The term trademark is often used interchangeably with logos. However, there is a difference between the two. The former – as mentioned above – refers to a sign that identifies the producer of certain goods or services and is legally protected in a particular territory, while the latter is a graphic representation of a mark. Consequently, your company’s logo does not have to be a trademark, but it can be part of it. However, it is not necessary to register the mark. In other words, a logo can be registered as a trademark and, if registered, it will remain protected by law.

Which mark to apply for protection in China? Word mark vs. word and figurative mark

Chinese law allows the registration of a word mark, a figurative mark and a word and figurative mark. Obviously, protection rights for a word and figurative mark provide the most protection. Therefore, it is best to apply for the mark in this form. However, sometimes it is better to apply for protection of a word mark rather than a word and device mark.

Logo as a trademark – assessment of registrability

The perfect situation occurs when the filing of a trademark application in China is preceded by a trademark purity examination, which consists of checking whether the trademark is even eligible for protection in light of other prior applications. If you are a business owner and require this examination or the advice necessary to register a trademark, the professionals at Trademark Partners are here to help. Enlisting the help of experienced professionals will save you time – their knowledge will make the whole process not only smooth but also efficient, avoiding mistakes that are often made by people acting on their own without knowledge of the legal aspects of patent protection.

Why is it difficult to register a trademark in China?

If your mark in figurative form is not sufficiently distinctive, i.e. it is not a unique figurative form that would make it unique from other marks, the office may refuse to register the trademark. In that case, the best solution is to apply for protection of the word mark only.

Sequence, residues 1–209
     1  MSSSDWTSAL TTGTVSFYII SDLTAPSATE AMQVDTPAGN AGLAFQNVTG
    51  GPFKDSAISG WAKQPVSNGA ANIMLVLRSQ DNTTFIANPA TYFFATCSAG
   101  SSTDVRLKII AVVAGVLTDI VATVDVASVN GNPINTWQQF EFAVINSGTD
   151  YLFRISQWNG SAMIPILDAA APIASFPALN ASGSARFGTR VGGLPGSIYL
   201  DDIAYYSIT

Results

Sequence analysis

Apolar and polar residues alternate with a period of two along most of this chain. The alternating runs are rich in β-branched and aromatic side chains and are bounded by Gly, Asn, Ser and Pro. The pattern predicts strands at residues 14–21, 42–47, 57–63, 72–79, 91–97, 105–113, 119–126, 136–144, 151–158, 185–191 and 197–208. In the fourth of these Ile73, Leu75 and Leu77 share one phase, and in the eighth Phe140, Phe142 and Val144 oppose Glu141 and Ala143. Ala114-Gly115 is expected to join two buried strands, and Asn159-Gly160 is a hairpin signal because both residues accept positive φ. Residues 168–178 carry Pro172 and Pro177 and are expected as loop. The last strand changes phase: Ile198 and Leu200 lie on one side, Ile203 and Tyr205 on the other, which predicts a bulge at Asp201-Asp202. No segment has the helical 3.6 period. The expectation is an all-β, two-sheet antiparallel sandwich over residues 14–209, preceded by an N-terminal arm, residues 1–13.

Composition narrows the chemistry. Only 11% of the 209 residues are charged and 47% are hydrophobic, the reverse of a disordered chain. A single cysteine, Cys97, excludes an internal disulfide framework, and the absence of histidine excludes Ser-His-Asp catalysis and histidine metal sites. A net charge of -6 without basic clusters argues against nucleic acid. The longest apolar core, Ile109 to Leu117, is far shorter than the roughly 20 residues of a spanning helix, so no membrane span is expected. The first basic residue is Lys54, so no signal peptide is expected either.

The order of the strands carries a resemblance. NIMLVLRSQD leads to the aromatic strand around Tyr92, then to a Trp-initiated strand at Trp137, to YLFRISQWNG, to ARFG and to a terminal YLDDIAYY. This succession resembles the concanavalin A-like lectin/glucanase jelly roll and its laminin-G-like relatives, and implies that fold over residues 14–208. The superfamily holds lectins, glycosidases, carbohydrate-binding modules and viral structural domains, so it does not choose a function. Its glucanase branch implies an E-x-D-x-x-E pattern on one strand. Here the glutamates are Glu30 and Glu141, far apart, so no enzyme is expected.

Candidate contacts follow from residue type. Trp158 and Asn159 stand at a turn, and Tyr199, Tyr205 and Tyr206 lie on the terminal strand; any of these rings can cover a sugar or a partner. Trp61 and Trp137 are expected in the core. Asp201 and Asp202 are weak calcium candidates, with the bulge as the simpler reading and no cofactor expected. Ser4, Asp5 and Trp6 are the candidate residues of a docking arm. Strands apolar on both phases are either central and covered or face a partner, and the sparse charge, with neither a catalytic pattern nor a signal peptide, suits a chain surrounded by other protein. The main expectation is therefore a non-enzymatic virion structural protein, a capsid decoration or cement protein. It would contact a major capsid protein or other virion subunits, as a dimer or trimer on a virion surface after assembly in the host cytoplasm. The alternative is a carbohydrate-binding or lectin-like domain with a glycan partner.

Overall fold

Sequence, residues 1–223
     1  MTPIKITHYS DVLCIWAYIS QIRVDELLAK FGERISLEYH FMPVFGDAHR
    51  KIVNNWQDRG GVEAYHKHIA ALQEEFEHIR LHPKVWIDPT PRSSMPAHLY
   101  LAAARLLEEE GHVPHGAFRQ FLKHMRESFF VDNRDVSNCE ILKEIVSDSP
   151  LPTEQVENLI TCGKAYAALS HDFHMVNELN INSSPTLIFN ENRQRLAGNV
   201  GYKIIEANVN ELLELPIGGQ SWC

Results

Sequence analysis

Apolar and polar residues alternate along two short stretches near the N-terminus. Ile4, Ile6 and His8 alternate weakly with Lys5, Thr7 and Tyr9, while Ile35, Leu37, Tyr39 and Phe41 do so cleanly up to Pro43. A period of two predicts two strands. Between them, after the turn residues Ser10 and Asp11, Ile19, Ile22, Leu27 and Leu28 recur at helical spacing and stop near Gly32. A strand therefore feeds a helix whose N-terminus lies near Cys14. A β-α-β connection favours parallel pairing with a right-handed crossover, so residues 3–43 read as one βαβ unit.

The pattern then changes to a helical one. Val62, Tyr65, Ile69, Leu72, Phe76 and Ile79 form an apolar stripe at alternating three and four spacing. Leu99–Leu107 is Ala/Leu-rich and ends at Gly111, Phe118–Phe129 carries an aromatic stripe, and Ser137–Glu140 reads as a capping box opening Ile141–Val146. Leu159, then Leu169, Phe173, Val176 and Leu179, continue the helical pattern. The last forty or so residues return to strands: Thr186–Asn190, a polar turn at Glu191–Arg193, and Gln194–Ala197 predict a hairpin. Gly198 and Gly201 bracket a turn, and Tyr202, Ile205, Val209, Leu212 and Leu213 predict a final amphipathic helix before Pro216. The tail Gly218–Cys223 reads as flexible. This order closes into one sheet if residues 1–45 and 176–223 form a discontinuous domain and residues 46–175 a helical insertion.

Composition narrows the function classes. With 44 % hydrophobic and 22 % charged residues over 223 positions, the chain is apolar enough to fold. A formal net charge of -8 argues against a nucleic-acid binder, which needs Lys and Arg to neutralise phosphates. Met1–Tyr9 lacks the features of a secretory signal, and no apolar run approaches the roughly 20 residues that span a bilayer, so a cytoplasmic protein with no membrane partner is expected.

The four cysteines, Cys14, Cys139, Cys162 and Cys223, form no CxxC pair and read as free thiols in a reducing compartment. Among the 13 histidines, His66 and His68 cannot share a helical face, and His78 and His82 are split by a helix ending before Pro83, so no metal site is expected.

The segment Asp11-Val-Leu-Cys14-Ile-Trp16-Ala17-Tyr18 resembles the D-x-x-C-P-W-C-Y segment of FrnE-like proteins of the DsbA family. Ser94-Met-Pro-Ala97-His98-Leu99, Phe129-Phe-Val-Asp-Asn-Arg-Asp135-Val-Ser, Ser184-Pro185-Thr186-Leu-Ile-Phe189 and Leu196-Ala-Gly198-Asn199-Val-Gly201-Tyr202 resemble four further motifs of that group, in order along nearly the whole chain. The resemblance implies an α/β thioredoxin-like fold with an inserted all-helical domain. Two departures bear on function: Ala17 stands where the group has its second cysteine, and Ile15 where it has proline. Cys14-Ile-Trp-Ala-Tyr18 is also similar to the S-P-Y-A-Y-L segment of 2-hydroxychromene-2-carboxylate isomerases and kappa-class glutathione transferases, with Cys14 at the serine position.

When considering applications for trademark protection, the Chinese Trademark Office (CNIPA) seeks to prevent confusion among customers. In practice, this means avoiding a situation where someone could be misled as to the origin or authenticity of a trademark.

Again, take Trademark Partners as an example. If another company were to apply for a trademark in which the winged lion had different colours and also, for example, a crown, then both trade marks would give rise to doubts as to the origin and authenticity of the two trade marks, regardless of the transcription of the textual part of the trademark. Furthermore, if the company also provided trade mark services, such an attempt to register would most likely be refused by the Office.

Is it possible not to obtain approval from the Chinese Patent Office to register a trademark?

There is another aspect to consider. When a trade mark is filed in both word and figurative form, the Office examines it for similarity in both word and figurative form. This means that there may be situations where an application fails because the Office considers the graphic representation of the mark to be too similar to another mark. Similarly, similar wording or spelling will also be grounds for refusal.

Each Office considers decisions independently, based on the current state of the trade mark database. The Office’s decision cannot be predicted, but the chances of obtaining protection should be maximised through good pre-filing analysis. The specialists at Trademark Partners have enough experience to advise you effectively in this area. If you just need assistance, please contact us.